I didn’t think I would like this book at first. Books with a lot of hype, a lot of readership, and a few awards scare me. What if I read it and I don’t like it? What if it’s all my writing pet peeves? I’ve disliked a lot of Pulitzer Prize winning novels over the years and tend to stay clear of them. But, my online book club picked The Underground Railroad for our monthly book and so I read it. I absolutely loved it.
The back of the book describes this story as a Gulliver’s Travels type, but instead of some dude traipsing through a fantasy it’s a slave woman trying to find herself freedom during the height of slavery in America.
Cora, our main character, is the focus of this story. It starts with her decision to run away with her friend, Caesar. You get a small glimpse of the life she lived before that question arose. She was a slave on a massive cotton plantation exposed to whippings, sexual assault, abandonment, and fear. There wasn’t anything remarkable about her. She was actually considered an outcast for having a mother who successfully ran away and abandoned her there. While it was hell, she thought life on the plantation was good. That is, until her master died and someone else took up the helm. This was when she decided to leave.
Ceasar and Cora escape to the Underground Railroad, which in this book is an actual train going underground. I seriously was imagining it as a metaphor and not an actual train, but when they got into the small boxcar it only seemed logical to have an underground train. I was so happy for Cora to get out of the Randall plantation and seek out her freedom, but this book made me really realize that the journey to freedom was never easy.
At each stop Cora made, she found herself in some deeper level of Hell. Each place she visited while did take her further and further from her plantation was just wrought with some terrible thing for Black people. Cora would feel safe for a small amount of time until something disrupts her peace and sends her running again.
On top of every stop she made, there was a slave-catcher hunting her down. Not only was she landing in these cities that eventually crumble her hopes of freedom, but she also has to run from a man trying to take her back to Georgia. I loved her ability to survive through all of this and still hope to gain her freedom, but I can’t imagine the emotional, physical, and mental burden she takes on as she loses friends on her trip.
As for Colson Whitehead’s writing style, I actually loved it. I was afraid it would be overwrought or dry, but he wrote with brilliance including actual advertisements for runaway slaves. Those little snippets really pulled the story together and made it much more real to me. This was such a great book and I loved it.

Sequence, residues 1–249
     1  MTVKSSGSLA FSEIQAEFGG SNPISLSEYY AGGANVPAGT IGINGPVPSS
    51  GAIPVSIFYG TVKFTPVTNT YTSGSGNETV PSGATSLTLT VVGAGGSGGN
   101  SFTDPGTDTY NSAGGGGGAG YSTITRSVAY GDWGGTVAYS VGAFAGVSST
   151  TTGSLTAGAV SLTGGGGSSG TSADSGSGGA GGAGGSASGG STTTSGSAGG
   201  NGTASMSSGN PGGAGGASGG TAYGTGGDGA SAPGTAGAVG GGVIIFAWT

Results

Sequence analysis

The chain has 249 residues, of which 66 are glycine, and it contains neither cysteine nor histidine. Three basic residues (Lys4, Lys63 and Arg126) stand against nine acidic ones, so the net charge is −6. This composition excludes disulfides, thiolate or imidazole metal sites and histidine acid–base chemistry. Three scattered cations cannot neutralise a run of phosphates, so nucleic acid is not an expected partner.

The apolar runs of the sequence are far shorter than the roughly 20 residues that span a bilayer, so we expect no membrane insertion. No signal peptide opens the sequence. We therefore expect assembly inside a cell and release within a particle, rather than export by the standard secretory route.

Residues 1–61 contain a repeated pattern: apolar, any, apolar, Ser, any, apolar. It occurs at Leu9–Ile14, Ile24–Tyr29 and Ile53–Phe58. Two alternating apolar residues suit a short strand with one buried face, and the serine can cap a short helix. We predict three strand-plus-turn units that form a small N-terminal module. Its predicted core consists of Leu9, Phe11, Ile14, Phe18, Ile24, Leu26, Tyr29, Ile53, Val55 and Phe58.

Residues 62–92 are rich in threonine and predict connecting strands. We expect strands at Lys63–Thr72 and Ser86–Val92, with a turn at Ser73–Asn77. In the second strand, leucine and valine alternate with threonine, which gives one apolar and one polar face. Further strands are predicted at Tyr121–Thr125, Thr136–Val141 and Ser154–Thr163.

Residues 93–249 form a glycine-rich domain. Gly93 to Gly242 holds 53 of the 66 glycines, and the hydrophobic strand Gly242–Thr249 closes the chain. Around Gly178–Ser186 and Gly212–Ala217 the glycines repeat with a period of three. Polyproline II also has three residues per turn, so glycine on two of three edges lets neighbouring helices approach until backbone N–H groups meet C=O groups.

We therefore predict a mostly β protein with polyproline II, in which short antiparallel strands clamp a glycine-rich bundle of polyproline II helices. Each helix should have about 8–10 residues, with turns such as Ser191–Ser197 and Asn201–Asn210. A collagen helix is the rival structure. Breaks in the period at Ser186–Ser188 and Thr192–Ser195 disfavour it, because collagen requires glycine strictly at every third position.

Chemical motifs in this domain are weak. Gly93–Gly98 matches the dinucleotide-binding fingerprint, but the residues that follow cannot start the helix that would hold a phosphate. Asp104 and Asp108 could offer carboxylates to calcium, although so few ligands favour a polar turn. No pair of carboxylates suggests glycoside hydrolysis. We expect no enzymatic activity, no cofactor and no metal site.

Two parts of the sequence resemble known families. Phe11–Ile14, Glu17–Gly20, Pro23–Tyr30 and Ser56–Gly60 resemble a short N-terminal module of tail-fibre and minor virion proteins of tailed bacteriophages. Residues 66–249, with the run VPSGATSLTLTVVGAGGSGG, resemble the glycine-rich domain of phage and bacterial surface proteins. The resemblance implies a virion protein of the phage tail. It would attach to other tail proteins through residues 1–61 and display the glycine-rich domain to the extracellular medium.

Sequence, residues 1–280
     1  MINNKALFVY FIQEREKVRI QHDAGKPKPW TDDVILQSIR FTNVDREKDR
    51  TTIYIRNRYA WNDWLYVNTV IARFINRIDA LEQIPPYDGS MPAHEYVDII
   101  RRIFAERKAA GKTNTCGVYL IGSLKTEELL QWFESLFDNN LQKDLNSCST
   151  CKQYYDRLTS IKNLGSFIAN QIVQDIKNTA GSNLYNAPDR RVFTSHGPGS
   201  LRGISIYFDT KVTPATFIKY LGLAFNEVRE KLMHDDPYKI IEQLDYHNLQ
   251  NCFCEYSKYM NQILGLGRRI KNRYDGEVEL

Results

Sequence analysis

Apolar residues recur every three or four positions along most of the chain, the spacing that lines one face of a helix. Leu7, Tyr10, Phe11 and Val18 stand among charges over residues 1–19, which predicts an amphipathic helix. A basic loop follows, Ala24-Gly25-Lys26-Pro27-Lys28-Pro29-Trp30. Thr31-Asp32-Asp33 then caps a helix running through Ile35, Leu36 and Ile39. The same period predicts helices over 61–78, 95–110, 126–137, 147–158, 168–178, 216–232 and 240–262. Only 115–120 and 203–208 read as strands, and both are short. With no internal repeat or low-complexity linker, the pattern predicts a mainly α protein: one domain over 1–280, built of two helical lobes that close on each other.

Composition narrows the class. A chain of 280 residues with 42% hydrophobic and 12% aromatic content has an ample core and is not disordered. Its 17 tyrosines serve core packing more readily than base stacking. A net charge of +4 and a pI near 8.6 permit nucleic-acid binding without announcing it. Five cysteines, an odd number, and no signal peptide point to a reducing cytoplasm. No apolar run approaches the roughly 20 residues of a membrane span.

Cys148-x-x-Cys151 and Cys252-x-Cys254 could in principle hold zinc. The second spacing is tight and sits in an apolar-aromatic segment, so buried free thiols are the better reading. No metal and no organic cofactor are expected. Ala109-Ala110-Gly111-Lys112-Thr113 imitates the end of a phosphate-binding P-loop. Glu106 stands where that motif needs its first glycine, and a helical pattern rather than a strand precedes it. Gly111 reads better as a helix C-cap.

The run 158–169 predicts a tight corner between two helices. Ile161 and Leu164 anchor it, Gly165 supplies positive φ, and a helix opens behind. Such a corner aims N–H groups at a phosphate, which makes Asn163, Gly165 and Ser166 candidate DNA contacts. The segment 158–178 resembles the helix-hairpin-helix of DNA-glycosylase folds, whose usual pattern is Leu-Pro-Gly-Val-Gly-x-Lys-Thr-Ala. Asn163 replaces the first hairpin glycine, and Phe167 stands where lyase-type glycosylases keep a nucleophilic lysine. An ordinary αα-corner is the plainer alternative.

11 thoughts on “My Thoughts On The Underground Railroad by Colson Whitehead”
I bought this book last year and haven’t been able to get past the first few pages, your review inspired me tho 😂 I’ll have to pick it back up! Great review!
YAY! So glad to hear that! I hope you enjoy it!
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I felt the same way. Reluctantly read it as it was also the pick for another book club I follow but ended up enjoying Cora’s journey way more than I thought I would. The things she was forced to go through were horrific but she somehow kept her hope that it was all going to work out for her.
Yes! Exactly! She just kept going despite all the hardship she came across. I kind of admire her for that, but also the horrors she saw were some scary freaking things!
The hype has been keeping me away from this as I’m not a fan of reading hyped things, at least not until the hype has dissipated a bit, but the notion of there being an actual train does have me a bit more intrigued (I didn’t know about that before). I’ll have to see if I can sneak it away from the library shelves when I get time.
Oh yeah, in this book the “underground railroad” is an actual train underground. It’s one part of it, but I also feel like it was a magical element of sorts.
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I have a feeling you’d love The Book Of Negroes by Lawrence Hill. It’s similar in story to The Underground Railroad, but it’s got no magical realism to it. It’s more of a realistic look at slavery. It’s a beautiful story and a book that I’ve never forgotten over the years since I read it. I always recommend it to people.
I’ll check it out! Thanks for the recommendation.
Greatt read thanks